Coffee roasting connoisseur beats the grind by going pro

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LEWISTON — Michael Dupuis wants to be a coffee evangelist.

The 44-year-old software developer became a home coffee roaster to avoid the bitterness he tasted in most coffees.

He learned about the raw beans, which look like pale, shelled peanuts until they are heated, turn a chocolate brown and expand.

Dupuis has also expanded.

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He has given up his home roaster — a small contraption that resembled a toaster oven — and has turned pro.

Dupuis has created his own business, Great Falls Coffee Roasters.

Standing beside a whirring $5,000 hot-air roaster, Dupuis explained that the beans lose about 15 percent of their weight during the process. All of their moisture is sucked out, and the beans’ outer layer begins to crack.

Inside, the beans began to sound like popcorn.

“They call that ‘the first crack,'” he said.

The noise calmed and then started up again a few minutes later. After 18 minutes total, the roasting was finished.

After the beans cooled, Dupuis dumped them into a plastic bin. Then, they went into brown bags for sale. Even before he labeled them with his brand, he stamped the date.

“Freshly roasted coffee should be consumed within two weeks,” he said. “Ideally, you get it every week, and you buy just enough for your week.”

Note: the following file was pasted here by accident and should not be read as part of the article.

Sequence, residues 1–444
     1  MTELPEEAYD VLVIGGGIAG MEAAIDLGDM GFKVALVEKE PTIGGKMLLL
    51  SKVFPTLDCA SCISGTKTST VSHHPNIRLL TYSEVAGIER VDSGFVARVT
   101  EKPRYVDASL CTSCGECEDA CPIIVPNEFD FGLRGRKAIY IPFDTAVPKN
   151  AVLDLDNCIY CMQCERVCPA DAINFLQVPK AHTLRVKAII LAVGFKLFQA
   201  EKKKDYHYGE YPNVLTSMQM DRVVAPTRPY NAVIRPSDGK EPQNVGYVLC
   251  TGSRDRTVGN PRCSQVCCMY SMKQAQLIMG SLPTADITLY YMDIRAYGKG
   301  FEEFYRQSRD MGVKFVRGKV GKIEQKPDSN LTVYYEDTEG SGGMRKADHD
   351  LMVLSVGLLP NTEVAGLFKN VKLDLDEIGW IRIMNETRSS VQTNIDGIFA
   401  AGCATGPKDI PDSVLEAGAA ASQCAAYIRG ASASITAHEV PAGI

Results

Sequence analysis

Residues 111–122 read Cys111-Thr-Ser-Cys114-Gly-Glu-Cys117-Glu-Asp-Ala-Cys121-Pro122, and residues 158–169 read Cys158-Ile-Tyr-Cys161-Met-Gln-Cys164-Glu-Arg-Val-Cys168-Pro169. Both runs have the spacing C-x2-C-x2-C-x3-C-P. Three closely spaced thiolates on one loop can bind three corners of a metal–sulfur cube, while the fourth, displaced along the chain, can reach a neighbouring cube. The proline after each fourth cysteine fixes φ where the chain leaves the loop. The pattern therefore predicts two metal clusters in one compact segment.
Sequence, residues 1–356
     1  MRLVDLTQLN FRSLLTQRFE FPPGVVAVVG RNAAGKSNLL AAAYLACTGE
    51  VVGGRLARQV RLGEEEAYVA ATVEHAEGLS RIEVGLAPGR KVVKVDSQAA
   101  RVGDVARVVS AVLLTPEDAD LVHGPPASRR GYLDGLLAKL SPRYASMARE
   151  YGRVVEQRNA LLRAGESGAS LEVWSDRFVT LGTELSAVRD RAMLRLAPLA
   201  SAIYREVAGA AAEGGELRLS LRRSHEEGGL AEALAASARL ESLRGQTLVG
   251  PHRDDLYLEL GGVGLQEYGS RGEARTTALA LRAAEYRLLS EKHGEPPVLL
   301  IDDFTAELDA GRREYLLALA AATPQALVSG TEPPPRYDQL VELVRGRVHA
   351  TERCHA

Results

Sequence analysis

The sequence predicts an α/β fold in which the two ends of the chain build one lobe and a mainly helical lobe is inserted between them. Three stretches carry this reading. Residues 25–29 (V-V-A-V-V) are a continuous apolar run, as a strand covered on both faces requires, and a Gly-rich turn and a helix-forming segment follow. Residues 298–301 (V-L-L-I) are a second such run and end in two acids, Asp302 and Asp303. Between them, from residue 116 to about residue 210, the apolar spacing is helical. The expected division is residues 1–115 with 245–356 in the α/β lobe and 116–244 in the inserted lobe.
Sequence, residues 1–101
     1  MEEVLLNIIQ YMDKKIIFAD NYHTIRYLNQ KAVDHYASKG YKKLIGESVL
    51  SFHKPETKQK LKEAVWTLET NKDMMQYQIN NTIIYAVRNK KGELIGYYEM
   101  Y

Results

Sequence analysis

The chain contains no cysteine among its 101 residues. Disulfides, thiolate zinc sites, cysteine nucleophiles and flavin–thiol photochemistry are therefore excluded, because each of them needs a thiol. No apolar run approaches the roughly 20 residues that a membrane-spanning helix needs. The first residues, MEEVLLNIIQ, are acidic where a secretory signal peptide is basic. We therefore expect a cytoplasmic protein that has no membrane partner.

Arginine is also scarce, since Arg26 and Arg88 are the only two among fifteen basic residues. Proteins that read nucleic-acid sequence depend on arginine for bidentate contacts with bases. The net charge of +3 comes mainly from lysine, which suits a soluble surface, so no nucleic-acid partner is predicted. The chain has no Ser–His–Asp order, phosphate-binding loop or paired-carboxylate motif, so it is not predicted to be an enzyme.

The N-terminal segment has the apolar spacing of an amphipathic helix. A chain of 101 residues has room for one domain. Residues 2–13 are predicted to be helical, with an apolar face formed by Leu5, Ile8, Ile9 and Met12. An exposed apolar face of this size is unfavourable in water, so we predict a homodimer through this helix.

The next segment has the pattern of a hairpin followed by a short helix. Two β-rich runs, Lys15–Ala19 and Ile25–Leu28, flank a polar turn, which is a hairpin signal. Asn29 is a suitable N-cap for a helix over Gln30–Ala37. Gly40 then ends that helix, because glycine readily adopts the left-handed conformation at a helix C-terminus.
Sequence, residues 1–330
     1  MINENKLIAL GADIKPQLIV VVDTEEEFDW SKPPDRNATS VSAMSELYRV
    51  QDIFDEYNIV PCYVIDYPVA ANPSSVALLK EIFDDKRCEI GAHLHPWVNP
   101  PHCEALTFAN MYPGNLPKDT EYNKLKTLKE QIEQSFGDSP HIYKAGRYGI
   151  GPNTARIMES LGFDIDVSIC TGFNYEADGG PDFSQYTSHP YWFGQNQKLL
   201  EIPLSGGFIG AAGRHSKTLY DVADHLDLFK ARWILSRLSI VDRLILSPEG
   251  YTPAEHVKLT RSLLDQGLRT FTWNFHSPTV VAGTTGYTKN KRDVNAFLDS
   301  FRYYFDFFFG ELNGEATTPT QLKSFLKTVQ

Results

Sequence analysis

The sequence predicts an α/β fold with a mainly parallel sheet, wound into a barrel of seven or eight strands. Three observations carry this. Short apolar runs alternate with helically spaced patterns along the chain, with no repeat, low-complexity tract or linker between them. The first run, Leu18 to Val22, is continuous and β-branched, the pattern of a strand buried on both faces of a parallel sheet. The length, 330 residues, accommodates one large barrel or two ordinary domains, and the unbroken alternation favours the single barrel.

It’s the kind of advice he hopes to share as his business grows. Though his coffee is now available at The Vault on Lisbon Street and online at GreatFallsCoffee.com, he hopes to open his cafe in Lewiston-Auburn.

It’s a long distance from his other job as a software developer for Apple’s iPhone, iPad and Mac computers. Dupuis grew up in Lewiston and lived in Massachusetts and New Hampshire for 18 years. He was one of the founders of Advenio, which made a popular recipe application, MacGourmet.

Dupuis sold the company last year. And though he still works on some software projects, his focus is on his beans, which are stored and roasted in a downtown mill building.

But his little corner space — with his roaster, shelves and bags of beans — is incomplete. He can’t retail the coffee from his office. And though the aroma fills the room and flows out of the vent while he’s roasting, he has nothing there to brew coffee.

He settles with a single cup of coffee — poured into a 24-ounce latte cup — every morning.

That’s my one cup a day,” he said. “Sometimes I’ll have an afternoon cup. I typically don’t, though.”

Preparing that one cup is not a passive activity, however. He must choose just the right roast. And it must be ground just before being brewed.

Dupuis has hosted tastings at The Vault, part of the coffee art and science he wants to share with folks.

Savoring coffee can be like tasting wine. Though it’s less about the aroma than the flavor on the tongue, there are infinite subtleties to appreciate, including the flavors of certain coffee beans and their roasting methods.

“You get really into coffee,” he said. “There are a million ways you can roast it.”

At a tasting and on his first sip of any coffee, Dupuis always drinks the elixir black.

But at home, he surrenders to sugar and cream.

“I almost feel bad saying that,” he said.

dhartill@sunjournal.com

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